This Miura SV is far from original, and it still commanded big bucks at auction.
All Lamborghini Miuras are exceptionally rare, but a truly unique version of Lamborghini's first-ever supercar was up for grabs at RM Sotheby's 2020 Arizona auction event. While all-original classics are generally preferred among collectors, this 1971 Lamborghini Miura P400 SV has been tastefully modified over the years, and it sold for $1.391 million (including buyer's fees), which was just under its pre-auction estimates of $1.4 million to $1.6 million.
When this Miura SV rolled off the assembly line on December 10, 1971, it wore a green paint job with a black interior, and it sported the factory wet-sump V12 engine. Before being imported to the U.S. by its first owner, the Miura was repainted red, and then its second owner – a Lamborghini engineer – had the engine converted to a dry-sump oiling system in 1978 making it "one of few" Miuras to use this setup. The dry-sump oil reservoir is located under the front hood with the spare tire and battery.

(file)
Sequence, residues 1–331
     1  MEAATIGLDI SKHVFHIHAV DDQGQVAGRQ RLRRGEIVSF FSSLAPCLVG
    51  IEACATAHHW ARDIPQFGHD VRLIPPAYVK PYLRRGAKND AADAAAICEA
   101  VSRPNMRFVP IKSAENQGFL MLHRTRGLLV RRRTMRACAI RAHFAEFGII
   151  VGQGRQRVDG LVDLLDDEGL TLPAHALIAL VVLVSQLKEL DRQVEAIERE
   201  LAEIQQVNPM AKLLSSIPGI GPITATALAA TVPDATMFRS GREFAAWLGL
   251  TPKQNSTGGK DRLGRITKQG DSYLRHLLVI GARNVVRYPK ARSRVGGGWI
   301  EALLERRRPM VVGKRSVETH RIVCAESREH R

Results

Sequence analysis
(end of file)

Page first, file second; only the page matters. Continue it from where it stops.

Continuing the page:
In addition to the dry sump system, the Lamborghini was also modified with wider 10-inch rear wheels, which was an upgrade from the factory nine-inch wheels. In 1979, this Miura SV was sold to its third and current owner where at some point the interior was refinished with beige leather adding a more striking contrast to the bright red paint.
Although it's far from original, this 1971 Lamborghini Miura P400 SV has been altered at the hands of a Lamborghini expert, and it's in immaculate condition. With a well-documented history and just three owners since new (including 40 years with its current owner), this Miura SV was already highly collectible, but add in the super rare dry-sump oil conversion and you're looking at an incredibly rare example of this automotive work of art.
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